After a tumultuous 35-year career on Sydney’s airwaves, Alan Jones’ retirement announcement last week was welcomed by his critics, lamented by his ardent listeners and greeted with relief by those who have felt his wrath.

None of those reactions will have surprised Jones, who has brushed off decades of criticism over dozens of ugly controversies. As he embarks on his final week behind the microphone on his 2GB breakfast show, a damning decision by the Australian Communications and Media Authority (ACMA) must surely sting – not to mention, rain on his farewell parade.

The broadcast regulator was asked to rule on Jones’ misogynistic on-air attack of New Zealand Prime Minister Jacinda Ardern. In the tirade, he urged Prime Minister Scott Morrison to “shove a sock down her throat”, “get tough with a few backhanders” and “go for her throat”.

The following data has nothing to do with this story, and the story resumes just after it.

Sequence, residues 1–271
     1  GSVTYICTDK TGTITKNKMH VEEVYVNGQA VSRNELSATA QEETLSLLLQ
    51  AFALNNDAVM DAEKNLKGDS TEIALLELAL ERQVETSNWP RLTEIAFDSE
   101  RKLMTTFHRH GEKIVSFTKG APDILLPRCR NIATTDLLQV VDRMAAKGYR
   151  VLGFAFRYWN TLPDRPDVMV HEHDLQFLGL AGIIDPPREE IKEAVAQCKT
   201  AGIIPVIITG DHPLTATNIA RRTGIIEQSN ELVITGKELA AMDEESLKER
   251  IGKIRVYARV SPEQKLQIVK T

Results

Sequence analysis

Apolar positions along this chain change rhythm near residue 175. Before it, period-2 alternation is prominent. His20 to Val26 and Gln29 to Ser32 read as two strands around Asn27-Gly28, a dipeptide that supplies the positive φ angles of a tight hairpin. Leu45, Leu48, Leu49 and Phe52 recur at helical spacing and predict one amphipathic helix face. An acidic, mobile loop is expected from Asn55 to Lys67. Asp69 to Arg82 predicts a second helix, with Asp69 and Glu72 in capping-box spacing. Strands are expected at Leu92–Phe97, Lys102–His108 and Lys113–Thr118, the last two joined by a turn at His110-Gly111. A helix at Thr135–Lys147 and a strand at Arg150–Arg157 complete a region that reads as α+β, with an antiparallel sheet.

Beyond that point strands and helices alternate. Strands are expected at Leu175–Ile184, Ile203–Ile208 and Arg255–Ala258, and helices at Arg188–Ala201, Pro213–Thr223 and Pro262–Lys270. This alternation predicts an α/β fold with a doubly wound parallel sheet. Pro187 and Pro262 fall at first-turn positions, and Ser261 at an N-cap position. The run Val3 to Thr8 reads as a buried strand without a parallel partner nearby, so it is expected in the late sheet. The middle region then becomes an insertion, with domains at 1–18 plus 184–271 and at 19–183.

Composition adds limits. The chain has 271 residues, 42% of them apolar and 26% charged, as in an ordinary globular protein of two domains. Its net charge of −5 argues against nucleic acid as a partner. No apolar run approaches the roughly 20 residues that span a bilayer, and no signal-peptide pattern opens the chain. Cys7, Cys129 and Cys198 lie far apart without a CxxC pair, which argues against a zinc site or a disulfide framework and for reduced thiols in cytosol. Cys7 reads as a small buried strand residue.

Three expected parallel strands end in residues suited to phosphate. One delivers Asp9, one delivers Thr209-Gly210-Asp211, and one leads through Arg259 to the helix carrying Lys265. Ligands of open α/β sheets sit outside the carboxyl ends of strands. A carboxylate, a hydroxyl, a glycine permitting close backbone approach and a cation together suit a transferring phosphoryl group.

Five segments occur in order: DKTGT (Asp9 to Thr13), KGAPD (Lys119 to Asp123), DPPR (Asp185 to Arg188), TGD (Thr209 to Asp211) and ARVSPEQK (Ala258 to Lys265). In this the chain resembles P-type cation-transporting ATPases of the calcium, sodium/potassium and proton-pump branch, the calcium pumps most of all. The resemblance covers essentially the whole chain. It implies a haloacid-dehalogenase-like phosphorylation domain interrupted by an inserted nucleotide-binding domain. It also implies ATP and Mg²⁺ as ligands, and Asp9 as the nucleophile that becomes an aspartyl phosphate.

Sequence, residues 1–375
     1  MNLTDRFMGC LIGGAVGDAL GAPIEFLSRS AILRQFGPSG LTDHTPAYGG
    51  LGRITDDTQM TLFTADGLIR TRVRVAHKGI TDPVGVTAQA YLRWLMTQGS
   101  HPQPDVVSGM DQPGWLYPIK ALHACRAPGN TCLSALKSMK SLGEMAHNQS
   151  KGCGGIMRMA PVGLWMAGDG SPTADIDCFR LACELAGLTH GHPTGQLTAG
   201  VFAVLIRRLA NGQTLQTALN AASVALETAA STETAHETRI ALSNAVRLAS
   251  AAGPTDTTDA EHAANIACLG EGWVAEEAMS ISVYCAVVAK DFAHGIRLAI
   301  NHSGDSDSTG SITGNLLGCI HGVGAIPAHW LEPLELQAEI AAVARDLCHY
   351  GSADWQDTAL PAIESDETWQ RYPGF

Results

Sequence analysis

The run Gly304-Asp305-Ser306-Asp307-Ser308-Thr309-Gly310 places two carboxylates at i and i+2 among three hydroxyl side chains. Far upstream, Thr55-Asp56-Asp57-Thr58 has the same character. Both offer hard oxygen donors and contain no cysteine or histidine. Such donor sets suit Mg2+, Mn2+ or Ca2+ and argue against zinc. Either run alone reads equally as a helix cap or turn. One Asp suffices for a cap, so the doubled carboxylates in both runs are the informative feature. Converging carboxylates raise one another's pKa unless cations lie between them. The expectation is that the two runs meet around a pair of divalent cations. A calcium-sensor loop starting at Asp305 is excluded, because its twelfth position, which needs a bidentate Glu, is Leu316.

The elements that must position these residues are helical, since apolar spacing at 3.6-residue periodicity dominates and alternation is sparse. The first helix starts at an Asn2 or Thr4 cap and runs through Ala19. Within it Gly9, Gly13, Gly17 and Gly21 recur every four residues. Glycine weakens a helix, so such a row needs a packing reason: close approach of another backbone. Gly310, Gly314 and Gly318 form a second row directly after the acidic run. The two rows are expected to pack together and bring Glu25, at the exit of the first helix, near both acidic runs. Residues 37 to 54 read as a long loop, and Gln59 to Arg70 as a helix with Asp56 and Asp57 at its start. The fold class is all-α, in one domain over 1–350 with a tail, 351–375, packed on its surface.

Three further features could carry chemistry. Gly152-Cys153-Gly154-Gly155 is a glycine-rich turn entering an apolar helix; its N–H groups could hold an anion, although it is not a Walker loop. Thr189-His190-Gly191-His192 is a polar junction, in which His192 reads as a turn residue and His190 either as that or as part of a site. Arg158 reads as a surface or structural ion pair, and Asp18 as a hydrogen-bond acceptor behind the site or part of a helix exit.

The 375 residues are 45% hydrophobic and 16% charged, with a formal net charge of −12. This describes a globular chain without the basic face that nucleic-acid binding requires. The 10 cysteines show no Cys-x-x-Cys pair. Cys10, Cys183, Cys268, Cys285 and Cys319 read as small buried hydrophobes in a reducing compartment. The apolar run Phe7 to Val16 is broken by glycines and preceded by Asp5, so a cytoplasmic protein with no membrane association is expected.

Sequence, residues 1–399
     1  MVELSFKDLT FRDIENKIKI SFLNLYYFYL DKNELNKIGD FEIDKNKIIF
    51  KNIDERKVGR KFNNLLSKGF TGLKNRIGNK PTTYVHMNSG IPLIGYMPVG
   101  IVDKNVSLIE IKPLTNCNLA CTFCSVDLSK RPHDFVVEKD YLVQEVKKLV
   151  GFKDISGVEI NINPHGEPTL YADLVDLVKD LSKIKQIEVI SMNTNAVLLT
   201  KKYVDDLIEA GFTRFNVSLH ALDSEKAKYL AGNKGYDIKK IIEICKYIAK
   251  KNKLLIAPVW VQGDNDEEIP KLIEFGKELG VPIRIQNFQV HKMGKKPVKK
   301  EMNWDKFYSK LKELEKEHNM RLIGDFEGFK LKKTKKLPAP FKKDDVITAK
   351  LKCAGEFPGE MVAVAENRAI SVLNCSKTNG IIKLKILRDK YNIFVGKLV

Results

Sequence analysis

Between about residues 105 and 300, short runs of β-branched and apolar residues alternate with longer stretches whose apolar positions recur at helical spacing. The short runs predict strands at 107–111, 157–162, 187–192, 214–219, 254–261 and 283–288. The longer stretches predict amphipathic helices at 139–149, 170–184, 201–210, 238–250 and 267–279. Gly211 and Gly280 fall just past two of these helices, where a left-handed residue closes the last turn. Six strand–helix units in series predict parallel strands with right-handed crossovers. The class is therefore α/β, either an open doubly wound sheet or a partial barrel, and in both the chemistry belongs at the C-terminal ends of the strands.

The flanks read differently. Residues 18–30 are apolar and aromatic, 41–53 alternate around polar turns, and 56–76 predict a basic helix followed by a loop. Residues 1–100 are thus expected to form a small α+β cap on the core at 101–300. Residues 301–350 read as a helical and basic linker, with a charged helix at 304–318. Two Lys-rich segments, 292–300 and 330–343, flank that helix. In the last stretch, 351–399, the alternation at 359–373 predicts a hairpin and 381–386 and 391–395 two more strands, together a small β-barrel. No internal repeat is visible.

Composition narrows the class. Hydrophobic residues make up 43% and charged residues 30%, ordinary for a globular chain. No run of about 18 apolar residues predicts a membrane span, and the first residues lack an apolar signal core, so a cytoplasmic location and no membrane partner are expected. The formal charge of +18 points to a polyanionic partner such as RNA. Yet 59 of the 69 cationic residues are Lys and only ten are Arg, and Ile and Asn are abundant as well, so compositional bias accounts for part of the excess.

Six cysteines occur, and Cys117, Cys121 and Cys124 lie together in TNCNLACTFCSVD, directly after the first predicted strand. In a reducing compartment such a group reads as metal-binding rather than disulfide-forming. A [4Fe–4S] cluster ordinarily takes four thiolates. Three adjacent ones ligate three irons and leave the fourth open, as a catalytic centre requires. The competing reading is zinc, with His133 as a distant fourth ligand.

Amid universal condemnation, he apologised quickly but this time it was too late – a social media campaign led by the online group Mad F—ing Witches was unleashed in a bid to convince his show’s sponsors to pull the advertisements which helped pay his $4 million-a-year salary. The 79-year-old resigned last week but many say he had no choice.

In the judgment, ACMA chair Nerida O’Loughlin said: “The repeated use of violent metaphors by Mr Jones and his apparent encouragement of aggressive silencing of Ms Ardern was highly offensive and did not meet contemporary community expectations.”



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